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Conformal Maps

As we saw in Section 6.7, conformal maps are extremely useful in the theory of two-dimensional, irrotational, incompressible flows. It turns out that such maps also have applications to the theory of axisymmetric, irrotational, incompressible flows. Consider the general coordinate transformation

$\displaystyle z+ {\rm i}\,\varpi = f(\xi+{\rm i}\,\eta),$ (7.79)

where $ f$ is an analytic function. The Cauchy-Riemann relations (see Section 6.3) yield

$\displaystyle \frac{\partial z}{\partial\xi}$ $\displaystyle =\frac{\partial\varpi}{\partial\eta},$ (7.80)
$\displaystyle \frac{\partial \varpi}{\partial\xi}$ $\displaystyle =-\frac{\partial z}{\partial\eta}.$ (7.81)

It follows, from the previous two expressions, that $ \nabla\xi\cdot\nabla\eta=0$ . In other words, $ \xi$ and $ \eta$ are orthogonal coordinates in the meridian plane. [Incidentally, we are assuming that $ (\xi,\,\eta,\,\varpi)$ are a right-handed set of coordinates.] Furthermore, it can also be shown from the Cauchy-Riemann relations that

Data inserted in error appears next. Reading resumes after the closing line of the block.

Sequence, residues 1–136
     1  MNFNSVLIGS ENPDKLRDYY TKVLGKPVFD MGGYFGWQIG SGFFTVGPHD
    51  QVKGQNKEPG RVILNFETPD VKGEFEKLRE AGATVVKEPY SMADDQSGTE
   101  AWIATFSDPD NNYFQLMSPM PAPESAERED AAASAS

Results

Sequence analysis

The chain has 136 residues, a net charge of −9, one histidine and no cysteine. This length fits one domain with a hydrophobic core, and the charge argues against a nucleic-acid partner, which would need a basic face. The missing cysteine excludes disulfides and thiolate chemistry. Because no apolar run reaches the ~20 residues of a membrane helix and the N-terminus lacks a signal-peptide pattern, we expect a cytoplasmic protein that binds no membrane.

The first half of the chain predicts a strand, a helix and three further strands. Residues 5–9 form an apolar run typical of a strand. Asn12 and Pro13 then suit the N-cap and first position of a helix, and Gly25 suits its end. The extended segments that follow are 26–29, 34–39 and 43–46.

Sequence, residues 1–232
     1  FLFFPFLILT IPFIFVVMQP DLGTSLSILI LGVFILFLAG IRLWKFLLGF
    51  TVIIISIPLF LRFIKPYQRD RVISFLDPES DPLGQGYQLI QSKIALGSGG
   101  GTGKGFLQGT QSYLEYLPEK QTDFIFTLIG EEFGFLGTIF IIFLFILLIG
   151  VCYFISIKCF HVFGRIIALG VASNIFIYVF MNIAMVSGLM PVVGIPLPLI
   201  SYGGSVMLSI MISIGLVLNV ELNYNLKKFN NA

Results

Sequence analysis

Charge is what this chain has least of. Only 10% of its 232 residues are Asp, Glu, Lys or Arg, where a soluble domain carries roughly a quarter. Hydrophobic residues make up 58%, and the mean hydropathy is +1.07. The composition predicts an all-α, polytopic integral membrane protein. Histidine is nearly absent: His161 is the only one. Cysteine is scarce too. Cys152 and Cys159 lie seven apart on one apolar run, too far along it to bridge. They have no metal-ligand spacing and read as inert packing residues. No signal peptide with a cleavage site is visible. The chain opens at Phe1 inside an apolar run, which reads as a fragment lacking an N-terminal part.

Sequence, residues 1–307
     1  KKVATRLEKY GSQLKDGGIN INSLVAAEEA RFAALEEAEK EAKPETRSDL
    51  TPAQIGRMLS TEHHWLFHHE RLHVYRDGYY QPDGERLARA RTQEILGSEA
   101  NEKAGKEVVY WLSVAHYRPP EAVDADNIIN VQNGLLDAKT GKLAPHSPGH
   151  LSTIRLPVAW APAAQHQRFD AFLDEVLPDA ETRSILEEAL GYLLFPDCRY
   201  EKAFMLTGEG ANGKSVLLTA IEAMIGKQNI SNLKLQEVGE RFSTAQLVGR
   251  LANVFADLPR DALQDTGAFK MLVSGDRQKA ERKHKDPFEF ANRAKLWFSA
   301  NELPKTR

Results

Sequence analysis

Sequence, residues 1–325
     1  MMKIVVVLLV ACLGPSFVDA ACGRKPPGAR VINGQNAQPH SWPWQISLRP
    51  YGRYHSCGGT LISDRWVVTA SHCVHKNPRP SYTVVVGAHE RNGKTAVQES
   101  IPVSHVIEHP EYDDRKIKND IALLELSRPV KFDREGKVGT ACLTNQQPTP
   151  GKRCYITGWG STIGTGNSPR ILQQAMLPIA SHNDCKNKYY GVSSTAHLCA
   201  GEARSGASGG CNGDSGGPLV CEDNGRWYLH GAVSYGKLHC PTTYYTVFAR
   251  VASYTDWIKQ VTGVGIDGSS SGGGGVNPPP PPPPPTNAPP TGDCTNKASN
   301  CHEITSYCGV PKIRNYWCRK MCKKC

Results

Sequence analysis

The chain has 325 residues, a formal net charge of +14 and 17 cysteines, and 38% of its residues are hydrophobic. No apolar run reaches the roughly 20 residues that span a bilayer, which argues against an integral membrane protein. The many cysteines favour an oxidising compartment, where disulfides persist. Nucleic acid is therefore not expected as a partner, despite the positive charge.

$\displaystyle h_\xi=h_\eta= \left[\left(\frac{\partial z}{\partial\xi}\right)^2...
...}\right)^2+ \left(\frac{\partial \varpi}{\partial\eta}\right)^2\right]^{\,1/2},$ (7.82)

where $ h_\xi=\vert\nabla\xi\vert^{\,-1}$ and $ h_\eta=\vert\nabla\eta\vert^{\,-1}$ . Writing the flow velocity in terms of a velocity potential, so that $ {\bf v}=-\nabla\phi$ , or, alternatively, in terms of a Stokes stream function, so that $ {\bf v} = \nabla\varphi\times\nabla\psi$ , we get

$\displaystyle v_\xi$ $\displaystyle =-\frac{1}{h_\xi}\,\frac{\partial\phi}{\partial\xi} =-\frac{1}{\varpi\,h_\eta}\,\frac{\partial\psi}{\partial \eta},$ (7.83)
$\displaystyle v_\eta$ $\displaystyle = -\frac{1}{h_\eta}\,\frac{\partial\phi}{\partial\eta} =\frac{1}{\varpi\,h_\xi}\,\frac{\partial\psi}{\partial \xi}.$ (7.84)

Of course, writing the velocity field in terms of a Stokes stream function ensures that the field is incompressible, which also implies that $ \nabla^{\,2}\phi=0$ . The additional requirement that the field be irrotational yields $ \omega_\varphi=0$ . Making use of the analysis of Appendix C, this requirement reduces to